Health care coverage is frequently complicated and worrisome, yet it improves and prolongs lives.

The process involves more complexities and anxieties in 2017 for thousands of Hoosiers, including folks in the Wabash Valley.

Open enrollment to purchase health insurance through the Affordable Care Act marketplace began Wednesday and continues through Dec. 15. The signup period is half as long as previous years. The Trump-Pence administration in Washington cut the signup period in half and reduced funding for navigators — health care professionals who assist customers trying to find a health care plan on the ACA exchanges — by 82 percent in Indiana, according to the Kaiser Family Foundation. And, federal funds for public awareness ads were sliced by 90 percent.

Those undermining actions and confusion sewn by the White House and its congressional supporters are part of a thorny, chaotic year for Americans and their health care. Still, the ACA remains the law, despite dozens of attempts by U.S. House and Senate Republicans to repeal and replace it. Despite its flaws that could be addressed through sincere work by Congress, the ACA has decreased the number of uninsured Hoosiers from 15 percent in 2013 to 8 percent in 2016.

Health care coverage has expanded even further in Vigo County, where the uninsured rate fell from 20 percent to just 7 percent in that same three-year period.

This year’s enrollment period began in busy fashion for ACE navigators at Allied Service Providers of Indiana (also known as ASPIN) and the Wabash Valley Health Center. Julia Holloway told the Tribune-Star last week that the Indianapolis-based nonprofit ASPIN fielded 173 calls about ACA coverage the previous week. “It’s a popular program, and people are utilizing it,” she said. A similar level of inquiries flowed into the Wabash Valley Health Center, according to CEO Charlie Welker and outreach and enrollment specialist Angie Gray.

Both outlets are poised to assist more people trying to buy health insurance through the federal exchange, or through the Healthy Indiana Plan (or HIP), which has opened up coverage to 400,000 low-income, working Hoosiers. The services offer tips to enroll.

• Insurance seekers can arrange a session with a navigator by calling ASPIN at 877-313-7215 (between 8:30 a.m. and 4:30 p.m. or leave a message) or by going online to AspinHealthnavigator.org. Though ASPIN’s navigator pool has been cut from 30 to 18 because of funding reductions, the agency still has a Terre Haute-based navigator, Holloway said.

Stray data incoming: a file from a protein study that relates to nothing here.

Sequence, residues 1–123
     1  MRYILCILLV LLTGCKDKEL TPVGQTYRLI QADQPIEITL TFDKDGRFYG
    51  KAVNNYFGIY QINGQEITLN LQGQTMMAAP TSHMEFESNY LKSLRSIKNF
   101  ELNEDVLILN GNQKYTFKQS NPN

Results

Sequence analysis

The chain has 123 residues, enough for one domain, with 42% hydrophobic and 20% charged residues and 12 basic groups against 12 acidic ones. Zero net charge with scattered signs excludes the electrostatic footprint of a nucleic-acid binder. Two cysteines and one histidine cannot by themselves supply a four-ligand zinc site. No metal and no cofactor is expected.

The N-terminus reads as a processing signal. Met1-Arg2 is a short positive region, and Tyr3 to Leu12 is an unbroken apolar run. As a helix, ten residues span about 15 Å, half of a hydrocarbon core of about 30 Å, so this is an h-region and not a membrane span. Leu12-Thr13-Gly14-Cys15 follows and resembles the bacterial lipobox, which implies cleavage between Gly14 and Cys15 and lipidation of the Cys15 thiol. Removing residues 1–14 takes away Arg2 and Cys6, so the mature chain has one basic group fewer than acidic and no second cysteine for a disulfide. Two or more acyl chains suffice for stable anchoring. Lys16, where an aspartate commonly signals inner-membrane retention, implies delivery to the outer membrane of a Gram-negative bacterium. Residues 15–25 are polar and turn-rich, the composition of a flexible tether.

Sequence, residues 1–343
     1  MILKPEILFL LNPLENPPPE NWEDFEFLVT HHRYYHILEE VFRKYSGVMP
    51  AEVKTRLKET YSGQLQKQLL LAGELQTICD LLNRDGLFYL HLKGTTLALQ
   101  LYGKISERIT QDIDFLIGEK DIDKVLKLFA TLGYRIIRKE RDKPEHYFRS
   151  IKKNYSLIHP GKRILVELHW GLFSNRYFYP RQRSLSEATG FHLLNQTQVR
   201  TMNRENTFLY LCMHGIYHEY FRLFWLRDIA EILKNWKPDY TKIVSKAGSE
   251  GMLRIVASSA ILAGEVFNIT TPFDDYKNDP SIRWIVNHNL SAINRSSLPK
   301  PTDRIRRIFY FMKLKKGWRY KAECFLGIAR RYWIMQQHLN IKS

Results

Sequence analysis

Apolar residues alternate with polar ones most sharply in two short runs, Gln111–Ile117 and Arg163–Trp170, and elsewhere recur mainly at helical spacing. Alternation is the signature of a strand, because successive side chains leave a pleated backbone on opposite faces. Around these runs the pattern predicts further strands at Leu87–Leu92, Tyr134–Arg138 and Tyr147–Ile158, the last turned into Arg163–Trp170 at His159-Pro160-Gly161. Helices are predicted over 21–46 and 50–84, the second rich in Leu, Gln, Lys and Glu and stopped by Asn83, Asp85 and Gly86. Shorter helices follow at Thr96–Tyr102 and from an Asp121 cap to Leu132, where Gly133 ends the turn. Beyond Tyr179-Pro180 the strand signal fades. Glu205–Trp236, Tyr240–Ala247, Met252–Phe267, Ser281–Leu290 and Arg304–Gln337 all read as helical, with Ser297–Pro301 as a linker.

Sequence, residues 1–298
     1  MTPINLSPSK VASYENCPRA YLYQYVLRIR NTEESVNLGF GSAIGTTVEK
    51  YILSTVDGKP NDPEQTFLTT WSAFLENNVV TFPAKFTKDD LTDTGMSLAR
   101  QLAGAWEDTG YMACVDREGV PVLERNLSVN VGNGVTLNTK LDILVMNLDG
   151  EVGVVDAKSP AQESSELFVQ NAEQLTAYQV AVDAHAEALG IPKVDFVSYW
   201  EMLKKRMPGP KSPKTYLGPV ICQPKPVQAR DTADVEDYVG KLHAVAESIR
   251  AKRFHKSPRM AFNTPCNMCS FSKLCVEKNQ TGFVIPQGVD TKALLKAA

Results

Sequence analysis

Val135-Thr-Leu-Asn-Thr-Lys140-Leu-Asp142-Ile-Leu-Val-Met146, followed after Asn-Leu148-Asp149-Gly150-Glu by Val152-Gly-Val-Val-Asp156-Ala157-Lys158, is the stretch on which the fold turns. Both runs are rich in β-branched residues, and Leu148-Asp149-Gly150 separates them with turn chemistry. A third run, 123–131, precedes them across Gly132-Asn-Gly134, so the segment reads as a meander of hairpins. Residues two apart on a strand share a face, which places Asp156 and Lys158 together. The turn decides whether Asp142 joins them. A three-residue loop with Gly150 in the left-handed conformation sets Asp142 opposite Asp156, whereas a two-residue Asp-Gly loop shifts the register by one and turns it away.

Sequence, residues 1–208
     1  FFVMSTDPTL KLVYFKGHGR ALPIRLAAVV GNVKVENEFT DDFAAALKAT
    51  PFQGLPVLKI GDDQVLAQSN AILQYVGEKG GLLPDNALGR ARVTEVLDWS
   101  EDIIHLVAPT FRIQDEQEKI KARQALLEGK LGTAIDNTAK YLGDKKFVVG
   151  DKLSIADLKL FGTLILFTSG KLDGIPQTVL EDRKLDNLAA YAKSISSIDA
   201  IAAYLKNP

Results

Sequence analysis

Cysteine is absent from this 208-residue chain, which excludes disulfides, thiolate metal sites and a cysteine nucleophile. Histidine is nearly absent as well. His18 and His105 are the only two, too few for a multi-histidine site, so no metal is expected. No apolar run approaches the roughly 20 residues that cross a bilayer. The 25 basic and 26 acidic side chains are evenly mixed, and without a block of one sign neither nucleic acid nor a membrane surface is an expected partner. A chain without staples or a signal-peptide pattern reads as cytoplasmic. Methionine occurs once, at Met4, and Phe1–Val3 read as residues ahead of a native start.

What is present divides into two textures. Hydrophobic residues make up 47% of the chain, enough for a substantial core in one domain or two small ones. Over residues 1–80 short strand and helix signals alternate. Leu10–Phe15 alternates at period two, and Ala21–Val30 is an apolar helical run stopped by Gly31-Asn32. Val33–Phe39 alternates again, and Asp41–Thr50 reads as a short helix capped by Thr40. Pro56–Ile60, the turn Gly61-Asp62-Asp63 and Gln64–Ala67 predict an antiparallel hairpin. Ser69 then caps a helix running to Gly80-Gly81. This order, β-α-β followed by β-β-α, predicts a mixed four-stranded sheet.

• Appointments with navigators at the Wabash Valley Health Center are also available at the facility at 1436 Locust St. in Terre Haute. (The phone number is 812-232-7447.) A representative from the insurance company CareSource, the lone insurer locally on the ACA exchange, will be at the center to answer customer questions from 9 a.m. to 3 p.m. Wednesday, Welker said.

• Insurance seekers have expressed frustration that only one insurer is available here, Gray explained, and that their health care providers are not in its network. Still, multiple plans are offered with the CareSource package, Welker said.

• Also, both the health center and ASPIN noted that while premiums have gone up, federal subsidies for those who qualify (by income) may offset those increases. Holloway said, for example, that a 30-year-old in Indianapolis with a $24,000 annual income could get insurance on the modest bronze level for $91 a month or $129 for the silver plan, because of subsidies.

• Procrastinating is particularly problematic this year, because of the reduced enrollment period. Plus, tax penalties remain for people who fail to acquire health coverage, unless they receive an exemption.

Hoosiers with questions about what to do should utilize the existing services, without delay.

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